I absolutely love RedBox. I use it all the time along with my Netflix account. If you go to their website and sign up for text messages, you get a free rental code every monday.

I just saw one of these for the first time this past weekend in a McDonalds in Lake City, FL.

The few times I used it, I loved the sevice. I still keep NF as my main source of entertainment but I think they are doing a great service and will only cause more competition which can only help us the consumers.

I’ve been thinking about using this for movies that are “Very Long Wait” in my queue (if any are available) since there’s a McDonald’s with one about five minutes from my house, so the comments here (and the offer of a free rental every Monday) has convinced me to try it out. Thanks!

Another vote here for Redbox as a great supplement. The selection is lousy (about 50 titles per location), but the price is right and new titles are easily available.

I use Redbox for the mainstream blockbuster releases, and NF for the more obscure/artsy titles.

Isn’t paying per day kind of like a late fee which everyone hates anyways? Personally, I’ve never understood the attraction of Redbox kiosk with limited selection as opposed to the selection of Blockbuster.

At my Kroger’s they installed one of these and almost everytime I go buy it, folks are renting movies from it. It’s pretty crazy!

And Edward, I see your argument, but remember back when Blockbuster had overnight rentals for 3.50-4.00, that’s 4 days for redbox. It really is an amazingly simple concept.

“In 2002, Redbox deployed a modest 12 kiosks in the Washington, D.C., area.”

I remember when Redbox came on the scene here in DC. The Redbox was located a block from my place and I rented from it a few times. It was great. A $1 for a movie that I could walk to and drop off? Great deal.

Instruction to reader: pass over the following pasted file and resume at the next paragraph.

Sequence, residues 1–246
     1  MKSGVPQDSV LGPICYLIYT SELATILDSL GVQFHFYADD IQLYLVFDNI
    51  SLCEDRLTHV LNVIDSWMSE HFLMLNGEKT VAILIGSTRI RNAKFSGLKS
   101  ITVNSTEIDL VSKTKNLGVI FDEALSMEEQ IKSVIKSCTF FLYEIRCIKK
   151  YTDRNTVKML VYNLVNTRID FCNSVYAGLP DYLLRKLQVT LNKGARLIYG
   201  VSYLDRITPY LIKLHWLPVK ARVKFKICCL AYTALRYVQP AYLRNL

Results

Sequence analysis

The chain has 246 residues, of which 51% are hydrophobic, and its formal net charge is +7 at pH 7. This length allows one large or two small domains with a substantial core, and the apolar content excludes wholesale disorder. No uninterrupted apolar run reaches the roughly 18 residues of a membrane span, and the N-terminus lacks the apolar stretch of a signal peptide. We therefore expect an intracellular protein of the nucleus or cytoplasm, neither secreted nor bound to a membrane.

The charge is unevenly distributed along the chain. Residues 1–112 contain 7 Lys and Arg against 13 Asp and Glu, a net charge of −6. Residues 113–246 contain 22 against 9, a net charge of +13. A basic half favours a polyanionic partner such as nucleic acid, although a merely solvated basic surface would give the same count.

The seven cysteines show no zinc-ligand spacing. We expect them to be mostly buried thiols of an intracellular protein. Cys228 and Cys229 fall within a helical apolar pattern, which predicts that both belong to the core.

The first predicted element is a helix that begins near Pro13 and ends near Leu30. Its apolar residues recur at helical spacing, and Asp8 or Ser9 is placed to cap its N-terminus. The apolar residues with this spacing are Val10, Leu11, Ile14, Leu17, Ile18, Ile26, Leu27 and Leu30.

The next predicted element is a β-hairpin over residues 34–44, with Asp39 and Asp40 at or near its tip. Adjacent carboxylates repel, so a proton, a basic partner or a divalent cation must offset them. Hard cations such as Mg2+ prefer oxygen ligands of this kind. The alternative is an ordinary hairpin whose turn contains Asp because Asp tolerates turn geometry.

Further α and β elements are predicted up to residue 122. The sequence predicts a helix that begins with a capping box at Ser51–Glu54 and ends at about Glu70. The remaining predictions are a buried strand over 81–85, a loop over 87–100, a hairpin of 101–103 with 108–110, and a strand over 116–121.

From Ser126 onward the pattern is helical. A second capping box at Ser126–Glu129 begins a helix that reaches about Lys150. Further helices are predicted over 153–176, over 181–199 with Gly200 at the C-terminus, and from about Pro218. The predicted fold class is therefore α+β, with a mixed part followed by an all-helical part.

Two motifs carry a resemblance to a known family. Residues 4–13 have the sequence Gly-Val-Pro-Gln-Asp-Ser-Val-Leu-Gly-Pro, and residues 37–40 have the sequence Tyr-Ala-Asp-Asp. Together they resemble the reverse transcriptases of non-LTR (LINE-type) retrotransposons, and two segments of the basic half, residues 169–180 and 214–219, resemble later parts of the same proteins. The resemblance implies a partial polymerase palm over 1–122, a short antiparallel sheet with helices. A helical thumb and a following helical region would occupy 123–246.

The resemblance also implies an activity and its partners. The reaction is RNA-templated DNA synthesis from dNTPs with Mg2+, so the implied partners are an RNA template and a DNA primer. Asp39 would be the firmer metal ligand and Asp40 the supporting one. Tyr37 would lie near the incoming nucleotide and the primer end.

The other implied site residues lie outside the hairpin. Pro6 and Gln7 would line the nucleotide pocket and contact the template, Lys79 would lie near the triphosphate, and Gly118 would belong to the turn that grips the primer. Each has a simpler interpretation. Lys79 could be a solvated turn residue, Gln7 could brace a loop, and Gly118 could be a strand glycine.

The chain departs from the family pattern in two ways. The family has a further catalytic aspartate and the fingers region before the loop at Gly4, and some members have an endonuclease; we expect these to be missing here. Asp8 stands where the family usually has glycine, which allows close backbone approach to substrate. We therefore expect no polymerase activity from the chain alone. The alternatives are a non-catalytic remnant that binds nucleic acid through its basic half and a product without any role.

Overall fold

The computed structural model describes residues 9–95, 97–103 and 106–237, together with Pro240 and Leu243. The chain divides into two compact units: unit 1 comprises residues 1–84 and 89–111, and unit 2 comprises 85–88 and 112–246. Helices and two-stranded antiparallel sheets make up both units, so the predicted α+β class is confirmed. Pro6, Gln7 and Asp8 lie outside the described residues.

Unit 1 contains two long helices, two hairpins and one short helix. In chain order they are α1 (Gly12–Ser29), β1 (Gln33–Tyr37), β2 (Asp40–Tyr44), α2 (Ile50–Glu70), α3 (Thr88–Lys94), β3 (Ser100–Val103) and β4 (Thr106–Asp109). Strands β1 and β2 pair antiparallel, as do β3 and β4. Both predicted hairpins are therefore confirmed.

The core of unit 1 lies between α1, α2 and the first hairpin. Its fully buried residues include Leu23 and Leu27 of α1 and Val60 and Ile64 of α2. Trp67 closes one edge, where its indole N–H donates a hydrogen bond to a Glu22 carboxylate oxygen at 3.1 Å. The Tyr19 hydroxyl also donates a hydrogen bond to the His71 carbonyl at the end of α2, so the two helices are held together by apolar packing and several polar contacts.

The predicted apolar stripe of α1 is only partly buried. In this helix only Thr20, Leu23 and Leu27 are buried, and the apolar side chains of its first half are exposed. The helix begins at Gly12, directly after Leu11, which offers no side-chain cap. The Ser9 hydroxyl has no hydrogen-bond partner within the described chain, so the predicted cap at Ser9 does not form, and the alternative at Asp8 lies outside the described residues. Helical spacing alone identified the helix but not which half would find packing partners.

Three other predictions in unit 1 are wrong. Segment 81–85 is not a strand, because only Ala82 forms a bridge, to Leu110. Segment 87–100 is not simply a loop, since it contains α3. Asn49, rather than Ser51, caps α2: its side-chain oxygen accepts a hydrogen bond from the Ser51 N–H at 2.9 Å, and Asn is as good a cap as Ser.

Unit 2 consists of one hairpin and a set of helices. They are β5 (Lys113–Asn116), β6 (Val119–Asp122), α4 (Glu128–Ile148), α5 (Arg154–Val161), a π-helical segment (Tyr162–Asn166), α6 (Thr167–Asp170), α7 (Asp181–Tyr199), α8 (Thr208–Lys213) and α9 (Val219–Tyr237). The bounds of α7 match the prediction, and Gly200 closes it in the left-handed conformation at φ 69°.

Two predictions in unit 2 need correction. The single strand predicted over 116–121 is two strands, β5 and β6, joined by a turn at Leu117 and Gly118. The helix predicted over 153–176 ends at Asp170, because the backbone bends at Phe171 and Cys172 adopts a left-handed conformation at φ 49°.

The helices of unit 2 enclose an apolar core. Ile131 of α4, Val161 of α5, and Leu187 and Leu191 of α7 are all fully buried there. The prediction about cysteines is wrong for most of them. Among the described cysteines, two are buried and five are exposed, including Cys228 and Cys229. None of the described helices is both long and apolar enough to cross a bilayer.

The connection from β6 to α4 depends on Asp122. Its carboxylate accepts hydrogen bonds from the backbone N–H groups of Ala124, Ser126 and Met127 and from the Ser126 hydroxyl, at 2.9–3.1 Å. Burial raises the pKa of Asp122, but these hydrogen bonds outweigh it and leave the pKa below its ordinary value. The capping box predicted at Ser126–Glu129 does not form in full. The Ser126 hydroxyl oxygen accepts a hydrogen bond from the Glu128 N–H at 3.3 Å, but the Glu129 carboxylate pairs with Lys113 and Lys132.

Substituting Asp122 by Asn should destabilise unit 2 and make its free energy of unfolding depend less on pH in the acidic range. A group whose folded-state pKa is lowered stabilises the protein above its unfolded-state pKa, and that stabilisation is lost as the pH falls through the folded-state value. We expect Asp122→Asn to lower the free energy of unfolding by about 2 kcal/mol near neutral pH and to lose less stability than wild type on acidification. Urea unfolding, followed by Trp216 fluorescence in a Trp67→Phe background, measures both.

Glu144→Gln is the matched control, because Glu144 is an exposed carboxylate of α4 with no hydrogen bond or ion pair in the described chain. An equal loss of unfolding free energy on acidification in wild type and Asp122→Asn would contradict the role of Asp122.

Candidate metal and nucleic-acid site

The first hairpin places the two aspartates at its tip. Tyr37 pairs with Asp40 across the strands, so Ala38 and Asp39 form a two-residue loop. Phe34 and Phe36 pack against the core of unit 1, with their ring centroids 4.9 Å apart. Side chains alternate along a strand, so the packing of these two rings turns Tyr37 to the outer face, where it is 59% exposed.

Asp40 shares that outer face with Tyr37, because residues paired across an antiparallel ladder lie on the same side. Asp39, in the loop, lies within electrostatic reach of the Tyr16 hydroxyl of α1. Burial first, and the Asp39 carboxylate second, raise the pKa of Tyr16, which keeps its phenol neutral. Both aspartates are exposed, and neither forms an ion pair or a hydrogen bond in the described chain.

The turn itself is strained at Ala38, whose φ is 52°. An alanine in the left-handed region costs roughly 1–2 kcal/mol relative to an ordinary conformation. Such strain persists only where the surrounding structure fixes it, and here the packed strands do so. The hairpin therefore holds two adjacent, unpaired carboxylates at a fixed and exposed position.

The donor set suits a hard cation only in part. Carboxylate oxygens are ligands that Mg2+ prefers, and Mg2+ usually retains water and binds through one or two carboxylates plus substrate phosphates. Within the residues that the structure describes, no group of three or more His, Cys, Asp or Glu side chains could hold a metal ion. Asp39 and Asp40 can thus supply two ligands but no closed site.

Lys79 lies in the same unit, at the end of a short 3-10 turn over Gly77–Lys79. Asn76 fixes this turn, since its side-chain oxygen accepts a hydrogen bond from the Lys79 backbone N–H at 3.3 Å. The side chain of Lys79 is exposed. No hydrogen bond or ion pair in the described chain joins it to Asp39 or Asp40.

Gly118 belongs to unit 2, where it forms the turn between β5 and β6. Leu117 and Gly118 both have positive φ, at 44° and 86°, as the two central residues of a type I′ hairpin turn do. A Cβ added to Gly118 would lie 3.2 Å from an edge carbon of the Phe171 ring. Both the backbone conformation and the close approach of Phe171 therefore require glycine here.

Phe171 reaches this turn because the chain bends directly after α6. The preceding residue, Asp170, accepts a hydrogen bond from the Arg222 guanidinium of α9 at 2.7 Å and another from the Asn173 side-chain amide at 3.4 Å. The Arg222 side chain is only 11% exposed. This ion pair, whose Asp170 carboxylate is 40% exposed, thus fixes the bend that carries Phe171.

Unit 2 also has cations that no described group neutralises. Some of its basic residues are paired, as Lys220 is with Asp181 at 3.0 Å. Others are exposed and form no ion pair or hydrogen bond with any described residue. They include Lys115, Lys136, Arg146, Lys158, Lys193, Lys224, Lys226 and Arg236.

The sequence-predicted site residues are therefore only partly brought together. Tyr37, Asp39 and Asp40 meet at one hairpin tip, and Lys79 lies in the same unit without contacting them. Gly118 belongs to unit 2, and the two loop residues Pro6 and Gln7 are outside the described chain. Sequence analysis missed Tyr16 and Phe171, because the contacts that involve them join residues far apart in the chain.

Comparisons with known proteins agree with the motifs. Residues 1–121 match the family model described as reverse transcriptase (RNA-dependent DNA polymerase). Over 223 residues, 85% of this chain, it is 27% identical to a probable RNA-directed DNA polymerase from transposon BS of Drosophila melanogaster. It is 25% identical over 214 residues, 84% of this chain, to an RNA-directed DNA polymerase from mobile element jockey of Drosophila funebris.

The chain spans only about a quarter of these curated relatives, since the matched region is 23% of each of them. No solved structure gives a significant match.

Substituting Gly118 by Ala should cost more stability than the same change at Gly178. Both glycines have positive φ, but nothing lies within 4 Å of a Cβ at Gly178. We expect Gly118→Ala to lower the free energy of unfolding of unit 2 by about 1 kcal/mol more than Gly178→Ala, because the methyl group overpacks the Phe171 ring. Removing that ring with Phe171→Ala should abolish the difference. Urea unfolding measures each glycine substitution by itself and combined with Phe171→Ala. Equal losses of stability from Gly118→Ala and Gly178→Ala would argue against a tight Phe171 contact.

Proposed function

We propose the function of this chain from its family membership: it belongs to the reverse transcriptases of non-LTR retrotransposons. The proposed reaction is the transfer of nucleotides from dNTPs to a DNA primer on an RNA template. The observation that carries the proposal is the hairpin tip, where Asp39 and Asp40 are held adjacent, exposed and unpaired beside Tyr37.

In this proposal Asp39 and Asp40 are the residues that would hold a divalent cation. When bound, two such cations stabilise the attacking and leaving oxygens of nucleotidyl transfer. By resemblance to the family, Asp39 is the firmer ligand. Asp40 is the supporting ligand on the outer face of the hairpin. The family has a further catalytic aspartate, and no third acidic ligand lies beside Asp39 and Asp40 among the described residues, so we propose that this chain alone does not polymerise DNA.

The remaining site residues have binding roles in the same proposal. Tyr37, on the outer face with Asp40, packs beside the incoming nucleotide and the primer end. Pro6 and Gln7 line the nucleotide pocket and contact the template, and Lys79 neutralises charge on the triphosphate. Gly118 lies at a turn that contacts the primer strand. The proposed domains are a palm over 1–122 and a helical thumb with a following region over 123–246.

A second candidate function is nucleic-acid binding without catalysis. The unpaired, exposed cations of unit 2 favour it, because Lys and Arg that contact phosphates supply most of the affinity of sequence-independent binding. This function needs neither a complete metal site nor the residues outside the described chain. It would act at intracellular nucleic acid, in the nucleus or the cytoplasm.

I think it’s a great concept. good to see it doing well.

McDonald’s has Redbox kiosks at all their locations in my area, and on the rare occasions when I go there I often see the kiosk in use. So I think they are doing a good business.

I haven’t used them myself because I’m not that interested in current hits, but if I were then they would be a good solution for Netflux.

“I absolutely love RedBox. I use it all the time along with my Netflix account. If you go to their website and sign up for text messages, you get a free rental code every monday.”

Yeah, I used a couple of those codes and got billed anyway. I’m through dealing with this dishonest company that lies about things and charges for “free” rentals returned on time. Plus, the second disc I got was unplayable.

I havent used one. I have 2 near me. I checked out the system but didn’t find anything in their very limited selection.

I have a video store near me that rents videos for $1.99 for 7 days. It still beats the $1 a day and the selection is fantastic.

Don’t see the appeal of Blockbuster or Hollywood. They only focus on the top ten hits and then forget what a video store is about. VIDEOS. Remember the days when you would actually browse the aisles of a Blockbuster and find titles you’d want to rent. What happen to their stock.